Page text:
Newbie SOS: How can I get an early start on the season?

Courtesy of Wally S., Wally’s Urban Market Garden, Saskatoon SK

There are many options for season extension, but if you are just starting out in farming keep it simple. Don’t bother with it. Take, for instance,  this situation.

I have 4 – 8×4 raised (18″ high) beds here at home that I can easily cover with hoops and plastic (and will probably add more). I’m thinking I should get them covered to warm and use to start carrots for early baby carrots perhaps? Or cucumbers? Or what is best use of them?

I would not recommend covering them. It’s an unnecessary hassle. I am not a big user of season extension structures. Structures are an expense and add to your workload because you have to trouble shoot them. Your beds should warm up quicker than soil, and as soon as you can turn them over with a spade, I would put in two 18 inch wide SPIN beds, and plant onion sets and garlic. These can be planted early, and do not need to be covered.

Onions would be harvestable late May for use as scallion, and then beds can be replanted to warm weather crops, such as cucumbers, which would not need to be covered that time of the year. Garlic can be planted closely, to be used as green garlic. Once harvested, say by mid June, they can be replanted to something like tomatoes.

SPIN photo book Wally watering

 

My backyard in the city gives me the micro climate advantage so I can work beds in early springtime and get to market with crops like green onion and garlic before lots of other farmers. I use greenhouses to start transplants, but I don’t bother with season extension structures to produce my crops.  

Growing on Concrete

Courtesy of James K., Virtually Green, San Francisco, CA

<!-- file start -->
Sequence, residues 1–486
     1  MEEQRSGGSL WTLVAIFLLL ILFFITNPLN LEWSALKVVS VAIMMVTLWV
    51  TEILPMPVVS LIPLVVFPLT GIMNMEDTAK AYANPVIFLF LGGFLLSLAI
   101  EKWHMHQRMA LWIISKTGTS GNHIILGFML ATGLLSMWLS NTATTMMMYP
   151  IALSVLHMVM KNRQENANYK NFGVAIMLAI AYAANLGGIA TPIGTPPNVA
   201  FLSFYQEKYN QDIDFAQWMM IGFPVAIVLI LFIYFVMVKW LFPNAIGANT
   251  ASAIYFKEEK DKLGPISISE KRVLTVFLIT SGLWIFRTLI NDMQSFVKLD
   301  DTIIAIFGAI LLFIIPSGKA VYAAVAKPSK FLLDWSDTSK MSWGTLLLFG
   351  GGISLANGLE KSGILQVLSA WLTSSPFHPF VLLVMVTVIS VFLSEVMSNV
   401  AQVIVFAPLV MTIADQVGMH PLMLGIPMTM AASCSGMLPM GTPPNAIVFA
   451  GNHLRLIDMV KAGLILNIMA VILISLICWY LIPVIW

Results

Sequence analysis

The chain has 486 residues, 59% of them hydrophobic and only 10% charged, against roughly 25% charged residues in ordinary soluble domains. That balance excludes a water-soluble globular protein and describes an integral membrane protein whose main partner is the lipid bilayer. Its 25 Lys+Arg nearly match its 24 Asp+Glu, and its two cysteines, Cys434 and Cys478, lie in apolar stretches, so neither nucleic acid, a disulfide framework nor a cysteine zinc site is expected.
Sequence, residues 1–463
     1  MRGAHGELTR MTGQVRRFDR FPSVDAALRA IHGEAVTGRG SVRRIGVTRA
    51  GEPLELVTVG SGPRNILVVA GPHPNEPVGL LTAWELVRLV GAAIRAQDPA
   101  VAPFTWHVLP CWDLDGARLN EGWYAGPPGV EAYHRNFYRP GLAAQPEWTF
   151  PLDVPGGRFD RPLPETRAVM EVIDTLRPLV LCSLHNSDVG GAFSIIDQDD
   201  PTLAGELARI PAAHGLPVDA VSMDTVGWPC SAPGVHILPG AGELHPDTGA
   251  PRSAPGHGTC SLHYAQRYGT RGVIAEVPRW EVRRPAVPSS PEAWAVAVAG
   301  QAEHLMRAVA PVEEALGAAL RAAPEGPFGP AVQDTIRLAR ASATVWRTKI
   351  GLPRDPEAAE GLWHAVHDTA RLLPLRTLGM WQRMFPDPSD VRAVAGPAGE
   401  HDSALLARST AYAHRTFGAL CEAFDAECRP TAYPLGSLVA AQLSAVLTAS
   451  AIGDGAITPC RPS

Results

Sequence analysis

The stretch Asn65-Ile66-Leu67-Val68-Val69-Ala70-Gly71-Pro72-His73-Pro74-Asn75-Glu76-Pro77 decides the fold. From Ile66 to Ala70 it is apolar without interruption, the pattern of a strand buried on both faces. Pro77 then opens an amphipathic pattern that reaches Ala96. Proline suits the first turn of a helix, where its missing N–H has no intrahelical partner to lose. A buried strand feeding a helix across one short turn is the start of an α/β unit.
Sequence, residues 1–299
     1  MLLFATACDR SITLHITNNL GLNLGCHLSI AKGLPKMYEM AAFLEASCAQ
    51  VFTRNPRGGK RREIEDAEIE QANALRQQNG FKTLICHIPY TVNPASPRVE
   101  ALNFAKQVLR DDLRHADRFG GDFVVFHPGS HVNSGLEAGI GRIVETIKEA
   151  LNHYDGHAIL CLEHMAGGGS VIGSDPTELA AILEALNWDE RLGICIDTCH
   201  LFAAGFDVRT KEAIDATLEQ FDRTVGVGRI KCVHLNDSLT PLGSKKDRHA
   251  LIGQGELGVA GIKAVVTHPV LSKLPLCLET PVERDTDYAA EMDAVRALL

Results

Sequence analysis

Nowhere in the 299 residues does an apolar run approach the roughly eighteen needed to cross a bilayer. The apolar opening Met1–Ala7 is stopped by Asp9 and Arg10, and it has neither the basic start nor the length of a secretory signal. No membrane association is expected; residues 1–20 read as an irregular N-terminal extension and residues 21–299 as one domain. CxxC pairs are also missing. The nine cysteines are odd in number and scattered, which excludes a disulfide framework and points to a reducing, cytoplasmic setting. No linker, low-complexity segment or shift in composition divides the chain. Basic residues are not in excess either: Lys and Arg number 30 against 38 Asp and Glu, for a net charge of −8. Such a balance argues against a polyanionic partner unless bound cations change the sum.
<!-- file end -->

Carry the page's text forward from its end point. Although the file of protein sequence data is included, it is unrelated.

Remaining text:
If you’re planning to bring in topsoil and do raised beds I suggest you consider putting down a layer of heavy duty woven weed cloth over the entire 20K sq. ft. site.

First do a thorough weed wacking of the existing weeds over the entire site. Rake up the wacked weeds. Scour the site looking for sharp objects, such as concrete chunks, glass, etc, that might pierce the cloth. Then lay down the weed cloth. Some people lay down a few inches of coarse sand before laying the weed cloth down to help prevent piercing it, especially where there’s foot or wheel traffic.

Next frame up your raised beds on top of the layer of weed cloth.

For added insurance, lay down another layer of weed cloth on the bottom of your raised beds. Then put down the topsoil in your raised beds. I recommend at least 18″ of topsoil if possible, and 24″ is
better: deeper of course if you’re going for root crops, like potatoes. It’s wise to lay something down over the weed cloth visible between your raised beds, to protect the cloth from puncture from feet or wheels as well as from sunlight UV damage. A soft bark mulch is good.

Protected from sunlight UV and gardening punctures the weed cloth approach described above could last 20 years with little or no problems. You might have to do minor occasional repairs to pathways but that should be all.

Here’s a couple websites that discuss weed cloth installation:

http://www.the-landscape-design-site.com/landscapefabric.html

http://www.soundnativeplants.com/PDF/Weed%20cloth.pdf

Keep in mind that not all weed cloths are not created equal.  Many of the 3 oz or less weed cloths on the market are understrength for handling dock or ailanthus.  You’d need a heavy duty cloth.  Check out Dewitt Weed Barrier Pro.  It’s a multi-layer cloth with some great industrial strength specs.

http://www.dewittcompany.com/products.html

It’s from a company that’s been around for a while.  You’ll no doubt enjoy hearing they have a 100% No Weeds guarantee on their weed cloth.  You might buy a small roll of Dewitt Weed Barrier Pro and test it on a few spots around your property.

Use the Mantis for Tilling Raised Beds

Courtesy of James K., Virtually Green, San Francisco, CA

It’s still possible to rototill in raised beds if you use an electric tiller like the Mantis. Rototillers are major labor savers. I have one that I’ve used in beds for some years. Incredible torque. Good depth: up to 10″, though with a limiter I usually use it at
just a few inches depth for prepping beds for replanting. A set of simple L-shaped brackets bolted to the tiller tine shield front, back and sides can help prevent the tiller tines from gouging the raised bed frame sides or ends. The tiller is light too: I carry it one-handed over my shoulder.
http://mantis.com/etiller.asp

Make Raised Beds With a Tiller

 

Courtesy of SPIN Farmer Kevin A, Ontario

To make raised beds, you can use a walking tractor with an attachment called a Berta Rotary Plow. This can make a raised bed from a grass covered field. This means you could avoid pressure treated wood or worse railroad ties. No worries about leakage or kids
tripping.